Huddled in her parents’ basement, between the cribs of her crying twin babies, Keliah Smith began to draw.
She was unemployed and feeling emotionally drained. The relationship with her children’s father had soured. Her escape: the stylus and smartphone in her hands.
“Images of women — women who are wearing crowns, women who have arrived and are on top of their game. They are the queens of whatever they do,” Smith said. “In the moment, when I was creating my art, I didn’t feel beautiful. I was making images of positivity and calmness, but I felt chaotic.”
Moving back in with her parents was a necessity she’d never envisioned, she said. Weight gained during her pregnancy only added to her depression, Smith said. She wasn’t satisfied with her life.
So she drew.
“I had to say to myself, ‘You’ve got to get out of this. Get up. Get on your feet. You have two beautiful children and the world at your fingertips,” Smith said. “Use your creativity and get through this.'”
She found herself spending hours getting the designs just right on the ArtRage app. The result: a line of colorful, vibrant totes, coffee mugs and stationery products that helped pull Smith out of her slump.
“I look back at them now and I see myself where I am today,” she said. “I feel like I have a crown on my head, too.”
Crafting her dream business
Two years after its conception, Smith’s Ouriginally Crowned brand remains a work in progress, she said.
“While I was unemployed, any little dime I could scrape together went toward building this,” Smith said. “I had to learn to let some things go to keep it alive.”
T-shirts featuring her designs, for example, initially were a central part of her vision, she said, but problems with fit and limited vendor options for the full-sublimation designs caused her to pull back to focus more on niche products.
“People would tell me, ‘Oh, I love the design!’ But it wouldn’t fit right and they’d say, ‘Well, I was planning to lose weight this year anyway, so I’ll wear it then!’ No. That’s not right,” Smith said. “I’m not out here to just take your money. I want people to get a product they can use the instant they receive it.”
She’d much rather develop her line of stationery — greeting cards, notebooks and calendars — than waste energy and focus, she said. However, even something as simple as a Mothers Day card isn’t without its challenges, Smith added.
Designs for the May holiday proved popular this past spring, but the handcut, handwritten cards weren’t scalable enough to be truly successful, she said.
“Handcrafting cards is very tedious and time consuming — and can get very expensive. I was putting money into it that I really didn’t have,” Smith said.
For Christmas, she released a series of greeting cards using digital designs only. They’re available for purchase online through Dec. 18, greatly reducing her workload.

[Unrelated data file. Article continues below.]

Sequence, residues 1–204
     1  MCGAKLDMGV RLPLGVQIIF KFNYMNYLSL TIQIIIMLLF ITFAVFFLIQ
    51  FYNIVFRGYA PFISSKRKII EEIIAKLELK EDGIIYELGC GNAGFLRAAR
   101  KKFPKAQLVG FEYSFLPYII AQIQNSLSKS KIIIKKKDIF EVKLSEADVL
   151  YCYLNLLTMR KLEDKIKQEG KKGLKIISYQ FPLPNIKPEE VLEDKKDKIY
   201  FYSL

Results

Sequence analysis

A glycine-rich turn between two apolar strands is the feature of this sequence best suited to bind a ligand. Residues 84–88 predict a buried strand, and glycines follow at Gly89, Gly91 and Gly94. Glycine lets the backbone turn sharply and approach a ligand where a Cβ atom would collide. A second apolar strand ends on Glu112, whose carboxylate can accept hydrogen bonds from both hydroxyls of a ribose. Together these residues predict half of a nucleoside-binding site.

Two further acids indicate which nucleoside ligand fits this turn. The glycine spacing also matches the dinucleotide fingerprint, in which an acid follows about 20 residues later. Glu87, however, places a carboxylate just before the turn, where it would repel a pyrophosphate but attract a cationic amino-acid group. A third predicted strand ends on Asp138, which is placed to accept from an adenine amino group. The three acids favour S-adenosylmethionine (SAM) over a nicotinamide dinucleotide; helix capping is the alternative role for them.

“They always say, ‘Don’t recreate the wheel. Simplify the wheel.’ I’m not trying to overwork myself and I don’t want to take two, three or four hours to make a card,” she said.
Keeping the crown
Like the holiday cards, such Ouriginally Crowned items as tote bags, cosmetic pouches, compact mirrors and mugs are made and shipped to order, Smith said.
That’s not an ideal process, she admitted, but her goal is to eventually keep enough inventory in stock to satisfy same-day, in-person orders. She also hopes to add more houseware items to highlight her interior design background, she said.
“It’s been a slow two years because I haven’t really had the resources I needed to get it up and running,” Smith said, noting she recently got a new job and is leveraging her new income to keep the brand growing. “Now that I am able to finance this dream of mine, the next steps are doing things like purchasing my own printer so I can produce the cards myself — anywhere I can cut costs and take out the middleman, that’s where I want to go.”
Her emotional entrepreneurial journey so far has been bumpy, she said, full of highs, lows, and lessons learned along the way. But with the support of her parents, her children’s father, and God, Smith said, she won’t let fear or doubt undo the success she’s already drawn for herself.
“In an art piece, you give a woman a crown and it’s there,” she said. “In real life, that crown isn’t always going to stay. Life is going to throw you curveballs. That crown is going to tilt. It’s going to tarnish. It might even fall. At the end of the day, you have to polish it up, dust it off, center it and just keep going.”